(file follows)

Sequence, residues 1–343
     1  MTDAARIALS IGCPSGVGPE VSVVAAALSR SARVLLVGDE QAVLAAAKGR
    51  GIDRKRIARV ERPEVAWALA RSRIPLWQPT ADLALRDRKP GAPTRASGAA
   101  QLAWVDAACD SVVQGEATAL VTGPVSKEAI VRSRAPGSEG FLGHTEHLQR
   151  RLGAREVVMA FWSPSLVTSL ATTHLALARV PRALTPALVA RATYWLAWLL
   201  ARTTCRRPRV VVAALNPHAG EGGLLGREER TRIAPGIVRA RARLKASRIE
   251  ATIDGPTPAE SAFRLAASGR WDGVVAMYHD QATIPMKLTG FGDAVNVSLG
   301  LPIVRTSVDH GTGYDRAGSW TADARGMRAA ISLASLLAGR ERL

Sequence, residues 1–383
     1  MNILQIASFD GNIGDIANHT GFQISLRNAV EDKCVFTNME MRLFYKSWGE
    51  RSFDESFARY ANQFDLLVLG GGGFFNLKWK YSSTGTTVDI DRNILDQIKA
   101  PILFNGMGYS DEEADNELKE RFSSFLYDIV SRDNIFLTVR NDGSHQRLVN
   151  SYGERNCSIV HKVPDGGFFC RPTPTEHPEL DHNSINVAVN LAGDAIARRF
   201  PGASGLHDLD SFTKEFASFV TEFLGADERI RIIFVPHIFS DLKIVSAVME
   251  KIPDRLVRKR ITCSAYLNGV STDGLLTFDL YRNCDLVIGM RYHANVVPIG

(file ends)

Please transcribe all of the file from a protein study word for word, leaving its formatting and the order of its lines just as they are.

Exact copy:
Sequence, residues 1–343
     1  MTDAARIALS IGCPSGVGPE VSVVAAALSR SARVLLVGDE QAVLAAAKGR
    51  GIDRKRIARV ERPEVAWALA RSRIPLWQPT ADLALRDRKP GAPTRASGAA
   101  QLAWVDAACD SVVQGEATAL VTGPVSKEAI VRSRAPGSEG FLGHTEHLQR
   151  RLGAREVVMA FWSPSLVTSL ATTHLALARV PRALTPALVA RATYWLAWLL
   201  ARTTCRRPRV VVAALNPHAG EGGLLGREER TRIAPGIVRA RARLKASRIE
   251  ATIDGPTPAE SAFRLAASGR WDGVVAMYHD QATIPMKLTG FGDAVNVSLG
   301  LPIVRTSVDH GTGYDRAGSW TADARGMRAA ISLASLLAGR ERL

Sequence, residues 1–383
     1  MNILQIASFD GNIGDIANHT GFQISLRNAV EDKCVFTNME MRLFYKSWGE
    51  RSFDESFARY ANQFDLLVLG GGGFFNLKWK YSSTGTTVDI DRNILDQIKA
   101  PILFNGMGYS DEEADNELKE RFSSFLYDIV SRDNIFLTVR NDGSHQRLVN
   151  SYGERNCSIV HKVPDGGFFC RPTPTEHPEL DHNSINVAVN LAGDAIARRF
   201  PGASGLHDLD SFTKEFASFV TEFLGADERI RIIFVPHIFS DLKIVSAVME
   251  KIPDRLVRKR ITCSAYLNGV STDGLLTFDL YRNCDLVIGM RYHANVVPIG